KF: And we’ve been covering the consumerization of IT for the last few years and there’s this perception that that flow has changed, that things start in the consumer category and then flow up to business, to enterprises. But if we look at some of the stuff like augmented reality we can see that’s not necessarily the case. The military has been using augmented reality for years and years and years now. And they’re using virtual reality for simulation trainings and stuff. That stuff hasn’t really properly trickled down into consumer video games or anything like that yet either. So in a lot of ways business and military are actually still ahead of the curve in terms of technology.
AW: Yeah. And I think you were writing about the influence of the VC’s [00:06:01] In-Q-Tel. Did you write about In-Q-Tel recently in the context of one of your stories? I thought I saw one of your stories.
KF: Yeah I mentioned that in my ‘Mega-Networks’ story. This fund that was setup, I think originally by the CIA and now other intelligence agencies are a part of it, to fund private companies that are building technology that intelligence agencies think could be eventually useful to them. So they’ve put a bunch of money into NoSQL and big data stuff.
KF: MongoDB and Cloudant are the two I remember writing about. And that’s pretty interesting that those companies are expecting to sell technology to businesses that in a lot of cases are probably actually trying to reach consumers themselves. But a lot of the money is coming from government agencies that expect it to be useful to them as well.
Download and Full Transcript: Mindful Cyborgs: On the Entropy of the iToaster, CES, and Mega-Networks
In this episode Chris Dancy and talk with authors Bill Whitcomb and Taylor Ellwood about their new book The Book of Good Practices:
KF: I kind of see this book as a users’ guide to the human brain. The brain, the missing manual; that sort of thing. What is the book, in your own words? Maybe we’ll start with Taylor then Bill can chime in.
TE: First of all, I want to acknowledge that Bill is kind of the originator of the book. He had already been working on it for a while and I want to give a little history here, just because I think it speaks to what the book’s about. He came to me about four or five years ago and said, “I’m working on this book. I’m kind of hitting a place where I’m feeling really blocked. Would you be willing to help me co-write it because you’ve done some similar stuff with some of your other writing?” I thought it over and I said, “Yeah, sure.”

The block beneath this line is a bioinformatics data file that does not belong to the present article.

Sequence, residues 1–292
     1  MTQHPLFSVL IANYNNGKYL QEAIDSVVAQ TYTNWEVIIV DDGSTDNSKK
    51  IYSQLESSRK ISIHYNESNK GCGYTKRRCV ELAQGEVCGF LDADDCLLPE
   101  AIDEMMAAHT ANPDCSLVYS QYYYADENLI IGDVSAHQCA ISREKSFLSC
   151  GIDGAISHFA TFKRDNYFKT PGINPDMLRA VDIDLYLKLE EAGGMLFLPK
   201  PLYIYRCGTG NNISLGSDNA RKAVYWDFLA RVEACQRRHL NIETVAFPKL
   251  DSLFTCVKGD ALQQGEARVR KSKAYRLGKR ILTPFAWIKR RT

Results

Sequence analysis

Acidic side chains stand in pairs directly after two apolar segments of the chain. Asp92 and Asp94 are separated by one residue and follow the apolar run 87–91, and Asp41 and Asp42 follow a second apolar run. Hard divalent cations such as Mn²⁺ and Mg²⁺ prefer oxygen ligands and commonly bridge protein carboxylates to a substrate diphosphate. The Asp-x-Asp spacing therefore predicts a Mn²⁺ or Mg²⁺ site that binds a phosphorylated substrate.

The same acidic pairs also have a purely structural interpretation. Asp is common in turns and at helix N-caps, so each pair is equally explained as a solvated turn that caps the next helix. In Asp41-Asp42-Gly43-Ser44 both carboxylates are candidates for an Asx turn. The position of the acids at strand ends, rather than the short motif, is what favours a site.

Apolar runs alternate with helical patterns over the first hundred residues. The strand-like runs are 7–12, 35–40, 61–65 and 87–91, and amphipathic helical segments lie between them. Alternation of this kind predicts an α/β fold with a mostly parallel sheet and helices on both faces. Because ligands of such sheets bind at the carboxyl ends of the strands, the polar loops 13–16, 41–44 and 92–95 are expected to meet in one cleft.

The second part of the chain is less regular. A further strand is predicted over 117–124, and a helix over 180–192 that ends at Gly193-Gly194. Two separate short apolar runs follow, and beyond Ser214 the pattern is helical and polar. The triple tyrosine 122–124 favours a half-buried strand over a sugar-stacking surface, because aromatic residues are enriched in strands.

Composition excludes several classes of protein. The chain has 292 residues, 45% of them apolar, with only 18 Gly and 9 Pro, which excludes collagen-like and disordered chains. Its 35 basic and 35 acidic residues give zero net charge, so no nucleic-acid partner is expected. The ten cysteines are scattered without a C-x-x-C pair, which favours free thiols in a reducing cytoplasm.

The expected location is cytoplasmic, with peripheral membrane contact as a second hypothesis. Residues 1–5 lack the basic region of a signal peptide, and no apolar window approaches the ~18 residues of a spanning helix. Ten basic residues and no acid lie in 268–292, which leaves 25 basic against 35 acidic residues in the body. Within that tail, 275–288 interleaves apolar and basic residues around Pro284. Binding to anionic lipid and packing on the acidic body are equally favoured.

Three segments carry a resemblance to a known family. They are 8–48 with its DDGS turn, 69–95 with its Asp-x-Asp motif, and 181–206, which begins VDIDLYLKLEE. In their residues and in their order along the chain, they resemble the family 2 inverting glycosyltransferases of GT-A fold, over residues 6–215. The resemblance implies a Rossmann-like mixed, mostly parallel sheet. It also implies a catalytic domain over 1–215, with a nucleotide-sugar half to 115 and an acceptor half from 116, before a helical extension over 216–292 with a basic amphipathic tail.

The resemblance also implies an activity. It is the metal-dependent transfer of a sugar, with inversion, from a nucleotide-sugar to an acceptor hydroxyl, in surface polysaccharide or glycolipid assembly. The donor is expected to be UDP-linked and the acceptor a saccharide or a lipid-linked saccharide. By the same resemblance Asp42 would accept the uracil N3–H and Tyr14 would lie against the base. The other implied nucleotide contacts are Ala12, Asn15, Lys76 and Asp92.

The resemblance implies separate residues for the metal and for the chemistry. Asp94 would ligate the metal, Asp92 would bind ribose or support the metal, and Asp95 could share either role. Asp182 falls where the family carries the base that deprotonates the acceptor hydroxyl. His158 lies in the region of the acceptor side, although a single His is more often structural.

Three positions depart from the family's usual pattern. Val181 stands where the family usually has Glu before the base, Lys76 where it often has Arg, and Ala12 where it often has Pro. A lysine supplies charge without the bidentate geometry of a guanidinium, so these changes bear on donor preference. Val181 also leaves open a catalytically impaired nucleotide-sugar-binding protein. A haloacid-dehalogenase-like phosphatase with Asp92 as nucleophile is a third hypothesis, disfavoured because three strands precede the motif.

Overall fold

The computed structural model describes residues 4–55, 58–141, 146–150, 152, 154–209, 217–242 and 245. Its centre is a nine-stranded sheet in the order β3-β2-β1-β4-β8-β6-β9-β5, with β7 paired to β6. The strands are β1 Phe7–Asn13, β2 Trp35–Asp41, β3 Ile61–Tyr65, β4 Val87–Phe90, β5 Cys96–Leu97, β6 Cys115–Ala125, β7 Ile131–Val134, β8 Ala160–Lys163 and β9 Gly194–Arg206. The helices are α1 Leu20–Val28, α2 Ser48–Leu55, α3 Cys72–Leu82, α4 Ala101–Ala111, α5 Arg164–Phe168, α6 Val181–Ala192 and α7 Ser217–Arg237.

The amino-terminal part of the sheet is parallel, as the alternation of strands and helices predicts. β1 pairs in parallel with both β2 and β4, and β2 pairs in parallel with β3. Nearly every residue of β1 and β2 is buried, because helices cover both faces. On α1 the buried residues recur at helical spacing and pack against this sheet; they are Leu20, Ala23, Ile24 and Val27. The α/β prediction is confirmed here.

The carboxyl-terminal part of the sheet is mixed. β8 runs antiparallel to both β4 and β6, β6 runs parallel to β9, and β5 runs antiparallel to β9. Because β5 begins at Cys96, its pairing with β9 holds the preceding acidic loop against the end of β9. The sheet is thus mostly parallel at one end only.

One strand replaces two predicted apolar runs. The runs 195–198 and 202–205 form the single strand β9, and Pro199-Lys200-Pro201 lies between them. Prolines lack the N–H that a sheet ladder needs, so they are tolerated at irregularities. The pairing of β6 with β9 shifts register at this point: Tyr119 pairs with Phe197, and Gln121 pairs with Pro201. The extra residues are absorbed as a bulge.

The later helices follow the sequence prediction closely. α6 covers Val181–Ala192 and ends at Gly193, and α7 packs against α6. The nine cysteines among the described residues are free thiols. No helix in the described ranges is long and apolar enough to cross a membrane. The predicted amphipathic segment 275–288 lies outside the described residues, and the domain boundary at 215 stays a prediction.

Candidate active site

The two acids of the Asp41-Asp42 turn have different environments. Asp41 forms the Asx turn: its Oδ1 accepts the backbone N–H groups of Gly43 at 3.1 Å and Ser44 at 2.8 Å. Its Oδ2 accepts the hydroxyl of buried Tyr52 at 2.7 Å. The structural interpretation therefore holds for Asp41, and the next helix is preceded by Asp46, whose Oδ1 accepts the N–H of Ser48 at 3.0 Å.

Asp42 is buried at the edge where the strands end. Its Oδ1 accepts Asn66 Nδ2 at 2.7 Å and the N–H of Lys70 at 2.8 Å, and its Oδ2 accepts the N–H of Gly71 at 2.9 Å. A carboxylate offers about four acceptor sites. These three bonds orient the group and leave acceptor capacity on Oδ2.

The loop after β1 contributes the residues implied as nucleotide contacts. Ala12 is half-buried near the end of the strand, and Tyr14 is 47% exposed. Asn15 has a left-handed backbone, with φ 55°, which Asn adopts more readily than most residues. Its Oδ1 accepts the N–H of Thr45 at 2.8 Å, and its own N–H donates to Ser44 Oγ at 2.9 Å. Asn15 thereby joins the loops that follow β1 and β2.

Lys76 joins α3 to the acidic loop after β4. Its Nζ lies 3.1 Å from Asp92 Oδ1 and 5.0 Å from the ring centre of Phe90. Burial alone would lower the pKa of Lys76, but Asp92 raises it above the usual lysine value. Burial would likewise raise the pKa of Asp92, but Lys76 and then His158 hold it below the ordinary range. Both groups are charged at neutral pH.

It’s been a long road to get this book put together. I mean, it’s turned into three e-books and a workbook which speaks to it. So what do we see it as? I think I see it as a catalog of certainly stuff related to the brain but really behaviors and actions that can come out of being more aware of the brain and how it programs a lot of our behavior. That’s my take on it. Bill, what would you say to that?
BW: Well, I think we’ve tried to produce a taxonomy, a way of categorizing behavioral practices, things that can be described in purely behavioral terms; that actually have a measurable neurological effect on people, physiological effect on people. Things that you can learn to do that could be said to truly impact your skills as far as fundamental human activities; things like concentration, memory, metabolism; things that impact pretty much anything you would want to do in your life.
We’ve tried to abstract that as much as possible from any specific tradition because in many ways, the traditions these things come out of have a tendency to separate out people as much as they bring them in. Someone will say, “Well, psychology is too cold or inhuman for me” or “I don’t do Eastern mysticism” or “That’s too fuzzy and spiritual”, any reason to not try the thing themselves, whereas in behavioral terms, these are things that you can learn to do that will change your level of skill as a human being.
Download and Full Transcript: Mindful Cyborgs: Episode 21 – Orienting Pop Culture Magic: Mindfulness GPS and the Maps of Indeterminate Destiny
For our New Years special episode, our new co-host Alex Williams joined Chris Dancy and me for a reflection on our most popular episodes of 2013. Here we are talking about episode 12, our interview with feminist activist Shanley:
CD: Klint, did you … we had Shanley on. She’s one of the shows we’re going to talk about in a bit but you saw some of the things that happened at conferences. Defrag opened up their conference with a whole section on there will be no talk of this and there will be no [00:08:05]. Conferences with disclaimers, there’s a O’Reilly conference coming up called Solid and when you apply one of the things they ask you is are you gay, black or are you one of these things that we don’t normally have on stage because we’re going to instantly give you more credit in consideration.
When I filled out the Solid to speak at Solid, I thought to myself wow, this is kind of crazy. What did they call it back in the 60s and 70s when they moved people through government ranks because they were minorities? Affirmative action. There’s digital or affirmative action happening. It’s just really strange.